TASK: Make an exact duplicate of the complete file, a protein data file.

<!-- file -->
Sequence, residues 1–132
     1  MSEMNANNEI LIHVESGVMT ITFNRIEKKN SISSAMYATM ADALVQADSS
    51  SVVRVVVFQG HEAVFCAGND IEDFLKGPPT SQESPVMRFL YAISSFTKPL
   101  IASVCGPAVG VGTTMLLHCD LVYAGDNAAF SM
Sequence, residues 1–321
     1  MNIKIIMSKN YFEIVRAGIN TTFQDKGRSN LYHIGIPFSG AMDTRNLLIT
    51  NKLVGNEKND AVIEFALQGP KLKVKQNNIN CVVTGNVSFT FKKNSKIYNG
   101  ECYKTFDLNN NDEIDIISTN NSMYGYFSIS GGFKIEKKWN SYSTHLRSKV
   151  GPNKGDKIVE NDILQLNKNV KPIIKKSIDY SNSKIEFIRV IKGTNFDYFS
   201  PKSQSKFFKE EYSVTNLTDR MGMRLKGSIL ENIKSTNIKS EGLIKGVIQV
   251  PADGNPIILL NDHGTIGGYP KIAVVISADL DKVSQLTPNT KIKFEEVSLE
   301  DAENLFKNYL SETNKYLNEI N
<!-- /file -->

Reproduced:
Sequence, residues 1–132
     1  MSEMNANNEI LIHVESGVMT ITFNRIEKKN SISSAMYATM ADALVQADSS
    51  SVVRVVVFQG HEAVFCAGND IEDFLKGPPT SQESPVMRFL YAISSFTKPL
   101  IASVCGPAVG VGTTMLLHCD LVYAGDNAAF SM
Sequence, residues 1–321
     1  MNIKIIMSKN YFEIVRAGIN TTFQDKGRSN LYHIGIPFSG AMDTRNLLIT
    51  NKLVGNEKND AVIEFALQGP KLKVKQNNIN CVVTGNVSFT FKKNSKIYNG
   101  ECYKTFDLNN NDEIDIISTN NSMYGYFSIS GGFKIEKKWN SYSTHLRSKV
   151  GPNKGDKIVE NDILQLNKNV KPIIKKSIDY SNSKIEFIRV IKGTNFDYFS
   201  PKSQSKFFKE EYSVTNLTDR MGMRLKGSIL ENIKSTNIKS EGLIKGVIQV
   251  PADGNPIILL NDHGTIGGYP KIAVVISADL DKVSQLTPNT KIKFEEVSLE
   301  DAENLFKNYL SETNKYLNEI N